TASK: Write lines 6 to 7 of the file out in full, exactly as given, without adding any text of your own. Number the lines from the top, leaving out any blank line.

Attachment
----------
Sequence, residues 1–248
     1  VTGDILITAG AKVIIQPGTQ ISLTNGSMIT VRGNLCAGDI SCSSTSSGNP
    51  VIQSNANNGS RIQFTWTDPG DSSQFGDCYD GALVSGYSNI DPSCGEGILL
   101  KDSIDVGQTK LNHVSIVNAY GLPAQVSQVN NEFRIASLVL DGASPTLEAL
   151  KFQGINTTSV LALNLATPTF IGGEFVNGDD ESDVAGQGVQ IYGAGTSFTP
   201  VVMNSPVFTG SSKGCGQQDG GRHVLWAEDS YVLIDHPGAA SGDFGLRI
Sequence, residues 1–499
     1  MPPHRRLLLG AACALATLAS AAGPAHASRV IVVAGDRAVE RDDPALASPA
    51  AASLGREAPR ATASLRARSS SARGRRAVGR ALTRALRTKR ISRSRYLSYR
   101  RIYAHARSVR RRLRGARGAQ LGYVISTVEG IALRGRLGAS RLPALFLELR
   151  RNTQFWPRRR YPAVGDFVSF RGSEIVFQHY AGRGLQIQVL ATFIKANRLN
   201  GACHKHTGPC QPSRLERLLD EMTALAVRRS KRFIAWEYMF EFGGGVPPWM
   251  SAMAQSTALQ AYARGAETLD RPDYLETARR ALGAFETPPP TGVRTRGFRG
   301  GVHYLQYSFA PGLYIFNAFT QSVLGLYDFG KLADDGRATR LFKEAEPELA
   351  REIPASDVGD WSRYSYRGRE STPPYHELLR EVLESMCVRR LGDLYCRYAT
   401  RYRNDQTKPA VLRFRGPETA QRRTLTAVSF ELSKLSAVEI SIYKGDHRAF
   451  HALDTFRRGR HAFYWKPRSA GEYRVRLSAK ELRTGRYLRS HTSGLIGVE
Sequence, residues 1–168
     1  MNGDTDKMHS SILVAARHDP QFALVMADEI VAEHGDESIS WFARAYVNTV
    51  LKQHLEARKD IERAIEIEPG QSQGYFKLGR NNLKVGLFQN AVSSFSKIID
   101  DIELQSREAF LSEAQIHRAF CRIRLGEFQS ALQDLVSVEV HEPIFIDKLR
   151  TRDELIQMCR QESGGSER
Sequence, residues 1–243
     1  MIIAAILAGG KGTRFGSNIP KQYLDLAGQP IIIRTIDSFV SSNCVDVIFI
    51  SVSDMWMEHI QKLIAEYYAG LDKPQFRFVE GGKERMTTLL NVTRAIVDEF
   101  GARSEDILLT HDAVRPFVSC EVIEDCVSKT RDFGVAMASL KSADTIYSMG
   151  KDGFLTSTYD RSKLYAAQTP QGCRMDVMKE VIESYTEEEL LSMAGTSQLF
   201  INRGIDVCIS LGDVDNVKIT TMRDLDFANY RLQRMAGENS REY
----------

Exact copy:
   201  VVMNSPVFTG SSKGCGQQDG GRHVLWAEDS YVLIDHPGAA SGDFGLRI
Sequence, residues 1–499